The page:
Mingers need not apply for the job

Ian Roe is a pseudonym, he teaches in North Wales

We sent out 33 application packs for our headship appointment. They flew to all four corners of the country. We were mightily encouraged, scanning the post every day with hope and expectation. But not many of them returned to roost - in the end we had nine completed applications. That is about average.

We are not a high-performing school and never will be. We serve an area of disadvantage. Our buildings are decaying visibly before us. We are undoubtedly a challenge. But generally it is a happy place. The children are excellent, they are lively and honest, and most of the parents are very supportive.

We did include a page in our application contributed by our fierce girls in Year 10. Their own expectations of a head's role are very exacting. Perhaps that put them off. I know it frightened the life out of me.

At least I edited the material before it went out. I left out the comment that said "No mingers should apply".

Perhaps, in the end, there were other reasons why the numbers of applicants were limited. I believe it is linked to the nature of the post.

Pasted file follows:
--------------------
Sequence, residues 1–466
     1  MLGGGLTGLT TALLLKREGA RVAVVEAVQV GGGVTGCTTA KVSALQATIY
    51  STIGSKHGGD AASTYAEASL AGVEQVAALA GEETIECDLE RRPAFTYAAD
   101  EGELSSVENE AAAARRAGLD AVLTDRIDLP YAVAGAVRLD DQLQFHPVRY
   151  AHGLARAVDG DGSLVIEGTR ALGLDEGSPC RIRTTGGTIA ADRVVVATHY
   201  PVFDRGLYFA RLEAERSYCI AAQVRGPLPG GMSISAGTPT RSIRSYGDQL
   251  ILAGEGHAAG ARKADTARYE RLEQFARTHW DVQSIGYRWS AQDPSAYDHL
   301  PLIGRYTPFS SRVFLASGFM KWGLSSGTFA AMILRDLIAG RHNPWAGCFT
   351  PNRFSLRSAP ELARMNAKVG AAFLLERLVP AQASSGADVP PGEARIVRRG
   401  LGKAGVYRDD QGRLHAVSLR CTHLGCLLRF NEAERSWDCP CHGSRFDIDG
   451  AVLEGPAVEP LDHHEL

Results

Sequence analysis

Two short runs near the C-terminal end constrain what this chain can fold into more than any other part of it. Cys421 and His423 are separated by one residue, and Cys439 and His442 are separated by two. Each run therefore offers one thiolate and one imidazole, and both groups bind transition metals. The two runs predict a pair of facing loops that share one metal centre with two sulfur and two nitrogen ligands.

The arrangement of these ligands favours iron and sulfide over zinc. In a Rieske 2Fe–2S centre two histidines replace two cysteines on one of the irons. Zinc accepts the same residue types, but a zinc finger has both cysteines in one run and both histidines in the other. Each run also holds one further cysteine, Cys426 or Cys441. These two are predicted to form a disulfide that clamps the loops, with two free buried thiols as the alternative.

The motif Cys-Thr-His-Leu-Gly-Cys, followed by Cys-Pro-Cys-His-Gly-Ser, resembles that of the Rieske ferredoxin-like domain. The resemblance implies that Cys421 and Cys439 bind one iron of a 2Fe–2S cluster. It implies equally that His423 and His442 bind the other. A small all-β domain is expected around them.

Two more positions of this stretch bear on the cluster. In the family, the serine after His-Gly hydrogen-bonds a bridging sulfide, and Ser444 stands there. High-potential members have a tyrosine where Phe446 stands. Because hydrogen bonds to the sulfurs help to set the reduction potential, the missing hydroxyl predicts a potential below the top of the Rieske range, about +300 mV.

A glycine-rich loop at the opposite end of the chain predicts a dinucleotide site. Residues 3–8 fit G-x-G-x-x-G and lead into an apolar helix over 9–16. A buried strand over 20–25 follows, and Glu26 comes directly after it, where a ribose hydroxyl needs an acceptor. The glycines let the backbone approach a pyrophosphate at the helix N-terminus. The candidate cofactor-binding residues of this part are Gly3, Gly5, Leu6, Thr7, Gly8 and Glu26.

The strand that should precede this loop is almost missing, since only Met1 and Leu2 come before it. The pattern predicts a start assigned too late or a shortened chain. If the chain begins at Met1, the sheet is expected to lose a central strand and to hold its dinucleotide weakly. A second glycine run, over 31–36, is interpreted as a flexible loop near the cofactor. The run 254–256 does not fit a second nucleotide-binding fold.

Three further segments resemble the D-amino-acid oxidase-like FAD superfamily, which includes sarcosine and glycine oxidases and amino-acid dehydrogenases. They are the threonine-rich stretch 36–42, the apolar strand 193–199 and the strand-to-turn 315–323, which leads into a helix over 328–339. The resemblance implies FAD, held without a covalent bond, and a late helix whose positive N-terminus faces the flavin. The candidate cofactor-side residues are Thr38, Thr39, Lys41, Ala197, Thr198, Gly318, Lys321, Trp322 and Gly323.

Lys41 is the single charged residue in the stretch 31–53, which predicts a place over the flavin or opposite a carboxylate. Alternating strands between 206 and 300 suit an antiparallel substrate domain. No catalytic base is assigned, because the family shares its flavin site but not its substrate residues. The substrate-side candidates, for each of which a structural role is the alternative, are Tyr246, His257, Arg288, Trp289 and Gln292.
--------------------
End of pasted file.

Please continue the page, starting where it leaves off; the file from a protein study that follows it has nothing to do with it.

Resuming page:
I know some excellent people working in schools across the country and they would never entertain it. They have flair, vision and belief, but there is no way they would like to embrace all the other stuff that goes with a headship. And, in a school like mine, there is an awful lot of that stuff.

When you examine our performance data you can put together a picture of the kind of problems we present. And there are many people out there who don't want to take them on. Why should they?

The requirement to possess the National Professional Qualification for Headship has restricted the field. That might be one reason why we have had no local candidates at all.

Finding a way to discriminate against the applicants is difficult. It is a daunting and demanding process for both sides. But "the committee" is forming a picture of the person they are looking for.

Instinct and gut feeling has a part to play. The governors must find a way of examining what has been written methodically. It goes beyond style or written fluency. The application that isn't quite as well written as the next may in fact come from the better candidate.

It's an exhausting process and a big decision - I'm just glad I'm not involved.

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